I learned that if an object is traveling at a constant velocity, then the external forces acting on the object must be in equilibrium with each other.
So, if the car is driving in a straight line at 30 miles per hour, and ignoring air resistance, then the driving force must equal the frictional force.
If the same car is driving in a straight line at 60 miles per hour, however, and ignoring air resistance, then the driving force must equal the frictional force.
But the frictional force is the same in both scenarios, because it only depends on the coefficient of kinetic friction (which is a constant) and the normal force of the car (which is constant).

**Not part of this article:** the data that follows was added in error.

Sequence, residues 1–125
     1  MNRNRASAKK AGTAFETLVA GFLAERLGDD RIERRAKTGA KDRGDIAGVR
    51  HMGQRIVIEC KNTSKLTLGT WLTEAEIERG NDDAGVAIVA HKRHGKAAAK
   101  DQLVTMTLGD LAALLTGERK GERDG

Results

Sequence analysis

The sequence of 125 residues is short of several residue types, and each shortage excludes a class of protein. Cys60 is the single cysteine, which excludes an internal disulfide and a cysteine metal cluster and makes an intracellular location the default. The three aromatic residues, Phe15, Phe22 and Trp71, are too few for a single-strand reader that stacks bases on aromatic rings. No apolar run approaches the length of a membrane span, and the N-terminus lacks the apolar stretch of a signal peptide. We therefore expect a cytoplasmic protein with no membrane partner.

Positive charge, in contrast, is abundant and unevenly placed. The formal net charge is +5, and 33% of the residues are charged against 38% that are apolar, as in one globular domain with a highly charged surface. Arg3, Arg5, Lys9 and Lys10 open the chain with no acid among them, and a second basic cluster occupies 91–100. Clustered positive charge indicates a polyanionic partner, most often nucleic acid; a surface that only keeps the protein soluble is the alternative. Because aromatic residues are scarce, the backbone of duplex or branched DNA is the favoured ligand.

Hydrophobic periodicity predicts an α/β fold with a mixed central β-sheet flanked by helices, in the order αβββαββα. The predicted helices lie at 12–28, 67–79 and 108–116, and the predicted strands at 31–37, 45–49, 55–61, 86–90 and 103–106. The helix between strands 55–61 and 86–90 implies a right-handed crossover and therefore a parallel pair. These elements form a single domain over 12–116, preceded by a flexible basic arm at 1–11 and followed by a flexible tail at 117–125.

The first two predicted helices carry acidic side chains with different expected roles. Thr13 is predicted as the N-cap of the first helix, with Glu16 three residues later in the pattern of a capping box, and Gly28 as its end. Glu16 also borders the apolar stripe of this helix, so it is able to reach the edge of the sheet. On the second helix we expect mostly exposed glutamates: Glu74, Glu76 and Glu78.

This seems to imply that the driving force is constant in both scenarios. This is very counter-intuitive, because clearly there is some extra "oomph" when the car is driving at 60 miles per hour.
What is the cause for this extra "oomph"?